Once a patient visits a pulmonologist, the doctor will ask about the patient's family medical history, lifestyle habits, symptoms, and whether the patient smokes or has been exposed to any harmful chemicals or pollutants.

The doctor will then perform a physical test to check if the ankles are swollen, listen to breathing to understand the lung condition and examine the nose and throat for any signs of infection. They will also check blood pressure, pulse, and weight loss history as part of the physical examination.

1. Lab Tests

Spirometry is a pulmonary functioning test used to measure the functioning of the lungs. For this, the patient has to blow air into a tube attached to a machine to analyse how much air can be pumped by the lungs.
Other tests include pulse oximetry to measure the oxygen in the blood, a six-minute walk test and lung volume and diffusing capacity measurement.

2. Imaging Tests

Chest X-rays or CT scans may be performed to detect lung cancer or other lung and heart diseases. These imaging tests help to rule out other possible causes of shortness of breath or similar symptoms.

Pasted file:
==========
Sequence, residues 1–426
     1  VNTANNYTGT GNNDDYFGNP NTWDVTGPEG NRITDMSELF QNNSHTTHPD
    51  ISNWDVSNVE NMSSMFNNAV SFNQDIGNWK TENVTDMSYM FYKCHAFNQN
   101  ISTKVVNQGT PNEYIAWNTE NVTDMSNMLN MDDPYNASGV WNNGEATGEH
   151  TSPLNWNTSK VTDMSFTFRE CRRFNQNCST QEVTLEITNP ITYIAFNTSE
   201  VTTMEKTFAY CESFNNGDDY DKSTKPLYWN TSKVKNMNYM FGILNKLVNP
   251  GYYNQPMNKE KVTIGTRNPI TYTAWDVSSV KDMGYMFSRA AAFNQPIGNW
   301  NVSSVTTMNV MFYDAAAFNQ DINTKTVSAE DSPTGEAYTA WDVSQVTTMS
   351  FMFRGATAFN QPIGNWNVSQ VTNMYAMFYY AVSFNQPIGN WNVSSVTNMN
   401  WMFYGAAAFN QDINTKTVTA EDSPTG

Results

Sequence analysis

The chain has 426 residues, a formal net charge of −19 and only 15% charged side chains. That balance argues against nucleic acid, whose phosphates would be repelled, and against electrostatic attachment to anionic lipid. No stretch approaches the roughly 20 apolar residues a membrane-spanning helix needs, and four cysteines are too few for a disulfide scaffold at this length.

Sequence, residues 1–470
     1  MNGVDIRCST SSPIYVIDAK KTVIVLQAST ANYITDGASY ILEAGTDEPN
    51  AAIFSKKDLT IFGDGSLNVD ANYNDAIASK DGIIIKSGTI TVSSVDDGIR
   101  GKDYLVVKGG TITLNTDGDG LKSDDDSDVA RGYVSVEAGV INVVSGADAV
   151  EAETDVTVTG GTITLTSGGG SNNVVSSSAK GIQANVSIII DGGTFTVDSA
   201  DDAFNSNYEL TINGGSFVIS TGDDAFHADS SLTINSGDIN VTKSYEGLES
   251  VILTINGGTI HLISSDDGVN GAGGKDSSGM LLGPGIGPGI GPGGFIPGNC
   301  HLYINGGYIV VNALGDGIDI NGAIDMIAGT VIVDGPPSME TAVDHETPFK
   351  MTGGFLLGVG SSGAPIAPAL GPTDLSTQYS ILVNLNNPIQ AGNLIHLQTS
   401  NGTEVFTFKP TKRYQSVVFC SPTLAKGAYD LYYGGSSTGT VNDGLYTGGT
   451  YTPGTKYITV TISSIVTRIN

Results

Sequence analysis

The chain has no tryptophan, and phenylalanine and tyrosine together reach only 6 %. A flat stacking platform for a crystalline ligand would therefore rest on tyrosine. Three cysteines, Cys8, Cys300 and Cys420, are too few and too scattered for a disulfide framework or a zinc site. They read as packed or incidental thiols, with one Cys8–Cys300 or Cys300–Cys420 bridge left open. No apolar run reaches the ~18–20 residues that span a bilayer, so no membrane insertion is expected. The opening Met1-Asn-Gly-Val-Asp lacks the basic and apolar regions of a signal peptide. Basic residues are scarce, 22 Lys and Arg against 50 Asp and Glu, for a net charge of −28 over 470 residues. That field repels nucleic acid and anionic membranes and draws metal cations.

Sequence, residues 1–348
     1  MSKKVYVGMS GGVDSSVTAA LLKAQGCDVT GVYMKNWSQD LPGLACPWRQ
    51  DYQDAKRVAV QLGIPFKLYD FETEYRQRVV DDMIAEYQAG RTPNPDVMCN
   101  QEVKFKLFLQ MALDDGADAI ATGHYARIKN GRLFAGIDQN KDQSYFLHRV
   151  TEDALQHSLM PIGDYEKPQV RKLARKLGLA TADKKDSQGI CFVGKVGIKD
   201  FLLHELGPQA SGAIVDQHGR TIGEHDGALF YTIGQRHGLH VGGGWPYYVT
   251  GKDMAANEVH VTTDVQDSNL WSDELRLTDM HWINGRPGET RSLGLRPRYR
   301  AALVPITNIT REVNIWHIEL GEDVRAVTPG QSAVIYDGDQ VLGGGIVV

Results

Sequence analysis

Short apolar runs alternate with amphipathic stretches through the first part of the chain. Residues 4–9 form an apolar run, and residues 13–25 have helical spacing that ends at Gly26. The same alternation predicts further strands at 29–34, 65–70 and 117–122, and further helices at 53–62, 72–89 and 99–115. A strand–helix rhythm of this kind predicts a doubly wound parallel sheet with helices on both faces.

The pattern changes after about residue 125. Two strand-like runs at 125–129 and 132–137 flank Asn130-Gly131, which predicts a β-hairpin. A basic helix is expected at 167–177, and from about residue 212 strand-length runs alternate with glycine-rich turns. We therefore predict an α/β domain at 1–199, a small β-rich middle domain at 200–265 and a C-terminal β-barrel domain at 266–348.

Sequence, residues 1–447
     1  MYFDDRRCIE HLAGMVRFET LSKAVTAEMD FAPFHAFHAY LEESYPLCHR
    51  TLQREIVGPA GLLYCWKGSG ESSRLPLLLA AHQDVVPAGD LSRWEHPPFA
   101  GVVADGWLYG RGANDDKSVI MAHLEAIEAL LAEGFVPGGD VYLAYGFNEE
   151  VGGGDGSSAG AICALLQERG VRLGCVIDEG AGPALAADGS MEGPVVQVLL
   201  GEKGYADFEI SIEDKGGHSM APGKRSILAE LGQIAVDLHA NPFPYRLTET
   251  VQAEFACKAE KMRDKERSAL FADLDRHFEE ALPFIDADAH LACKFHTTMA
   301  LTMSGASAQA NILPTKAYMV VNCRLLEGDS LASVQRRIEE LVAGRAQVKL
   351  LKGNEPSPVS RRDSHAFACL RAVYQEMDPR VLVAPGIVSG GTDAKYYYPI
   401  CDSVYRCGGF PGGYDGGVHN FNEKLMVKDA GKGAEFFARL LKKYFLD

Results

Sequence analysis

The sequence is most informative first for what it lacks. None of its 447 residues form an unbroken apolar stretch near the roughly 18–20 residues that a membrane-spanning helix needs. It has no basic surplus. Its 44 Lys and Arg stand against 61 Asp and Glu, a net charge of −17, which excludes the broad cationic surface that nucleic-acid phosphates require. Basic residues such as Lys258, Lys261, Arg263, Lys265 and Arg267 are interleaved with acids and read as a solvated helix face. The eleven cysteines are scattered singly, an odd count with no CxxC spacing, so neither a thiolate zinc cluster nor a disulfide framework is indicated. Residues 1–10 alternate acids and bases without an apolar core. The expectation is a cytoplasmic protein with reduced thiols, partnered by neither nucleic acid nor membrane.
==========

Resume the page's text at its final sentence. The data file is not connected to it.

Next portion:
Treatment:

Different treatment options are available for patients with COPD. The treatment depends on the severity of the disease, age, and physical condition of the patient.

1. Home Care:

Patients with COPD may have to make some lifestyle changes to improve their health. This can be adopted at home with a doctor's guidance.

Popular home remedies for COPD include:

  • Quiting smoking and protection oneself from pollutants or irritants (both first and second-hand)
  • Practicing regular breathing exercises
  • Going for regular walks or practicing light exercise
  • Adopting a healthy diet that includes a lot of fresh fruits and vegetables
  • Staying hydrated
  • Avoiding anything that can worsen the symptoms of COPD
  • Taking measures to improve immunity
  • Getting enough sleep
  • Getting vaccinated against pneumonia and flu

2. Medication:

Bronchodilator inhalers are one of the first options for treating patients with COPD. Different types of inhalers are prescribed according to the needs of the patients. Short-acting bronchodilator inhalers are common.

Using a bronchodilator widens the passage of the lungs and results in improved breathing. The inhalers can be used whenever a patient feels breathlessness.

Doctors may also use theophylline tablets or capsules. They may also prescribe other antibiotics to prevent infection, clear up the mucus, and reduce coughing.

These medicines can keep the symptoms in check and manage COPD. Depending upon the severity of the issue, doctors may prescribe steroids to manage the disease. Supplemental oxygen may also be required at different stages.